Leverage allows a trader to control a larger position using less money (margin) and therefore greatly amplifies both profits and losses. Leveraged trading is also called margin trading.
Leverage will amplify potential profits and losses. For example, buying the EUR/USD at 1.0000 with no leverage, to take a total loss the price must go to zero, or to 2.0000 to double your investment. If you trade using the full 100:1 leverage, a price movement of 100 times less will produce the same profit or loss.
Margin is the capital a trader must put up to open a new position. It is not a fee or cost and is freed up again once the trade is closed. Its purpose is to protect the broker from losses. When losses cause a trader's margin to fall below a pre-defined stop out percentage, one, or all open positions, are automatically closed by the broker. A margin call warning from the broker may or may not precede such liquidation.
With 100:1 leverage a trader can open a position 100 times greater than they could without leverage. For example, if the cost to open a trading position of 0.01 lots of EUR/USD is $1,000 without leverage, and a broker offers 100:1 leverage, then a trader must use only $10 as margin. Of course, traders can also use little leverage, like 30:1 or 5:1, or no leverage at all.
Caution: Higher leverage ratios means higher risks. Most professional traders use a low leverage ratios, up to 5:1, or none at all, and a modest risk percentage per trade (2%).
Instrument: In this field traders can select from several forex crosses, including major and minor pairs, from the most popular cryptocurrencies (ADA, BTC, DOGE, ETH, LTC, Stellar, Ripple, etc), popular inidces and commodities, such as Gold, Silver and Oil. For our example, we will choose the EUR/USD.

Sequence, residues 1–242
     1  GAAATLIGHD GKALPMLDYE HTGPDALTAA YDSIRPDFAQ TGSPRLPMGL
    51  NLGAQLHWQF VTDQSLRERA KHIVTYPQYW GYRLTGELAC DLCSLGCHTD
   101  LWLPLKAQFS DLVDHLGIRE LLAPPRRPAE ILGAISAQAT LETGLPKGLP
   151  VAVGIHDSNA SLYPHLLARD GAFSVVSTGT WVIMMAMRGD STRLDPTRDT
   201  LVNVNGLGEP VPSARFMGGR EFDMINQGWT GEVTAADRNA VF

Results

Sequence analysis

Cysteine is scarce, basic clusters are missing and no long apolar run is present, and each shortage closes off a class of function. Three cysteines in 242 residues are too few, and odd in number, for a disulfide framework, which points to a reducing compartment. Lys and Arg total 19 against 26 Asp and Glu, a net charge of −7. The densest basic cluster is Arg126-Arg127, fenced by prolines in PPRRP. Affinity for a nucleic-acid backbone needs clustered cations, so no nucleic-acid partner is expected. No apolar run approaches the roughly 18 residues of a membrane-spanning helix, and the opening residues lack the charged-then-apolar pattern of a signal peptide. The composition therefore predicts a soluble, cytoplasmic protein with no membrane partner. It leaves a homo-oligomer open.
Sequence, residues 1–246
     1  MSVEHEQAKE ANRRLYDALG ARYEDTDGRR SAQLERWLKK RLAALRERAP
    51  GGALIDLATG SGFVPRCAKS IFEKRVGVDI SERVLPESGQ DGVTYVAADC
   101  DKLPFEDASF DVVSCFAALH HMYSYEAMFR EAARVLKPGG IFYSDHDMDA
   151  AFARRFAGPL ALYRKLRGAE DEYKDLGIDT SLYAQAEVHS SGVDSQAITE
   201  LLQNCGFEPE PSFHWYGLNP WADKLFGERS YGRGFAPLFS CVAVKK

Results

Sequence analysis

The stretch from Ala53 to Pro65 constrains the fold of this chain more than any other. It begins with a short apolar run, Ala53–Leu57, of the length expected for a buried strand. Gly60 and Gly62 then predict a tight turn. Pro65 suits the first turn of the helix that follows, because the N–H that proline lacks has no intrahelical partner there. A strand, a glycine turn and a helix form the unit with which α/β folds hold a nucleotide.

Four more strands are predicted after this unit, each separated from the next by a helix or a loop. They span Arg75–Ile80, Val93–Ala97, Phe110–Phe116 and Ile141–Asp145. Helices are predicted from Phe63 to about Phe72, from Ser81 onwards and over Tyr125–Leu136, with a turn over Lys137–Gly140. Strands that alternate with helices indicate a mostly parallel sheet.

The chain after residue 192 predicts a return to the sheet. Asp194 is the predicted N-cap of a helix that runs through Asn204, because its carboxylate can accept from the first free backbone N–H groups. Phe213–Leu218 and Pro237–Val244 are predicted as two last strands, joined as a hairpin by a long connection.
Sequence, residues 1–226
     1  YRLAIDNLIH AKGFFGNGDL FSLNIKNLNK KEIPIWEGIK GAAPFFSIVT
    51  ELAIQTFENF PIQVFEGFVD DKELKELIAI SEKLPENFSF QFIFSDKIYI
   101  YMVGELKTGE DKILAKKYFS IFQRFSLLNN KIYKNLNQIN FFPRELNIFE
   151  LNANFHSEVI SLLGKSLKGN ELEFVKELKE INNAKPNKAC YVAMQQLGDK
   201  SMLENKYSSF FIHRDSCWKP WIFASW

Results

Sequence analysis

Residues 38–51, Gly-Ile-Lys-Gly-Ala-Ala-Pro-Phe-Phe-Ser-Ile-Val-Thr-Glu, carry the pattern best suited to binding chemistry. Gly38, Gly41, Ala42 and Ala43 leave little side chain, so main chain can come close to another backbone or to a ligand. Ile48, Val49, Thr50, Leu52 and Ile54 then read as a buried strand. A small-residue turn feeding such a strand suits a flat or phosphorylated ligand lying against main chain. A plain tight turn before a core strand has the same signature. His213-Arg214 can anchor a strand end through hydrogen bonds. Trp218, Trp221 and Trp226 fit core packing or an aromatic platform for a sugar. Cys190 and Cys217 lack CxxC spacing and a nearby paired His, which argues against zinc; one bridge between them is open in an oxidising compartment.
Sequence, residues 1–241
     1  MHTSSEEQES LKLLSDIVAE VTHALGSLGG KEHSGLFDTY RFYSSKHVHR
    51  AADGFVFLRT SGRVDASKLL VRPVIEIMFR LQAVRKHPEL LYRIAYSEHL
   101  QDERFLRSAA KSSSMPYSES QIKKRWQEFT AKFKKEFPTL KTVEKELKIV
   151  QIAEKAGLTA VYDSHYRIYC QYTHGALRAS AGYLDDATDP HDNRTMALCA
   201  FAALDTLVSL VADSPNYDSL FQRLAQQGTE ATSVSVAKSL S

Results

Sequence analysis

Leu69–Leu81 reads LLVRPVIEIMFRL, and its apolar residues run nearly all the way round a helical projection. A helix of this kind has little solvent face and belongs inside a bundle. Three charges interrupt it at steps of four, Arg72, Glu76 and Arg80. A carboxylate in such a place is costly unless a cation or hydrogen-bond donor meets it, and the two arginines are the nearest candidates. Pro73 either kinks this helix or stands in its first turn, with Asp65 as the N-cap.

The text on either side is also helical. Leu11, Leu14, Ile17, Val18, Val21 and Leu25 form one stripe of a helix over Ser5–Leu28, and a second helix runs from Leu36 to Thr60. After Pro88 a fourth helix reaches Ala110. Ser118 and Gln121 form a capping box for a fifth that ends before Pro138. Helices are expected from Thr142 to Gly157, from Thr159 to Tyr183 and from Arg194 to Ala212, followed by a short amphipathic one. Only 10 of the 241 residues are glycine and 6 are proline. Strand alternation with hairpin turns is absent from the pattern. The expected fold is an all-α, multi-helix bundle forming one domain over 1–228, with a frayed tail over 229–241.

Deposit currency: Margin values differ for forex pairs, and other financial instruments, and are subject to the current market quote. By selecting the deposit currency, it will be possible to accurately display the margin required to open a position, for the selected instrument, in the choosen currency (from AUD to ZAR). We will choose GBP as our deposit currency, for this example.
Leverage: In this field traders just need to input a leverage ratio. This could be the current leverage offered by the broker, or any other ratio, from as little as 1:1 to 6000:1 to simulate the amount of margin used to open a position. For our example, we will select a leverage of 30:1.
Lots (trade size): Just enter the lot size. Remember, in forex 1 lot is 100,000 currency units per lot, but units per lot vary for non-forex pairs. So, in this field there's also the option of switching between lots and units for the calculations. For our example, we will use a trade size of 0.10.
Next, we click the "Calculate" button.
The results: Using all the data above the Leverage & Margin Calculator tell us that to open a trade position, long or short, of a 0.10 lot EUR/USD, with 30:1 leverage, and with the current EUR/GBP exchange rate of 0.90367, we would need a margin of 301,22 GBP.
The Leverage & Margin Calculator can also be used to find the least "expensive" pairs to trade. By using the same calculating parameters (30:1 leverage and a 0.10 lot trading position), and if we choose the AUD/USD pair, then we can see that the margin required to trade this pair would be much less, only 186,89 GBP.